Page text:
Smart kids... Who would not want that? Every parent dreams of having at least one smart kid in the family. Some would think the journey through the achievement of that goal is impossible. As the saying goes "Nothing is impossible." Yes. You read that right. You can raise smart kids if you work hard.
Working hard to raise smart kids
What does that mean? For many parents, that would mean sacrifice. Sacrificing entails devoting at least a portion of your time while guiding your kids with their school assignments and projects. You can take this as a way to increase quality, bonding time with kids. Your kids will surely adore you when they hear your opinion and they see that you are interested to learn about what they do and how they do in school.
Pressure is something that even adults cannot handle. Imagine yourself trying to say these words repeatedly to your child: "You should be number 1 in class... Number 1 in all you do." The idea sounds great but that will put too much pressure. Your children may be able to absorb what you are saying but that does not necessarily mean he will apply it. The thought will run through his head several times and he may be able to achieve what you want at first. However, such will not do him good for a long time. It may even cause him to stumble in the class ranks later on.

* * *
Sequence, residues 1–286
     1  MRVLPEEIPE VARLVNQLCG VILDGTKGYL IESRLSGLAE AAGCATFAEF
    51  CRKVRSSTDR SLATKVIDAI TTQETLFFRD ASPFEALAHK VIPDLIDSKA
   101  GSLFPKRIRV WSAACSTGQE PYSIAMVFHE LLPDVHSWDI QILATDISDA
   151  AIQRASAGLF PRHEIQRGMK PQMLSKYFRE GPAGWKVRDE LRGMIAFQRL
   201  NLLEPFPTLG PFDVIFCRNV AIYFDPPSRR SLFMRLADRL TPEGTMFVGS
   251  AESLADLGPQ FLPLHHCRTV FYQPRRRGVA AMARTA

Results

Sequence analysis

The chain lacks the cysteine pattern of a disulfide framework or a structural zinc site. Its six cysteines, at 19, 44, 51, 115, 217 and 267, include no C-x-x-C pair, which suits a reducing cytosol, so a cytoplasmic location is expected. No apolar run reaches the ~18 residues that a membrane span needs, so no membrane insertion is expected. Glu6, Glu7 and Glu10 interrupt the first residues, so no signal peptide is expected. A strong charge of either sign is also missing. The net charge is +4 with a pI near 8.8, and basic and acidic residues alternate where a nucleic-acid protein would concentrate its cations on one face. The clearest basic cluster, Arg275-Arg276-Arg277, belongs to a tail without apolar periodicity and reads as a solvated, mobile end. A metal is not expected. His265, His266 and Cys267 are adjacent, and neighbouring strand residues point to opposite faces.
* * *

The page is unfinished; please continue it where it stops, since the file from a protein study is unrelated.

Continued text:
Observe your kids
Observing your kids means you should look into his interests much more than yours. One of the mistakes you may commit as a parent is to assume that what you want is what your child should want. This will just make him lose track of what he really wants in his life for the future. You need to see what your child can achieve and not how you will benefit from such achievement.
Let your child enjoy
Your child needs that. Let him take breaks once in a while. It will be good if you take him to a vacation. Make it a point that you are cool with what he does.
Work hard. Never pressure. Observe. Enjoy. These are things that work if you intend to raise smart kids. Remember that being smart is not all about academic performance. It also includes letting your child explore his surroundings from time to time to make him a better, smarter person later on in life.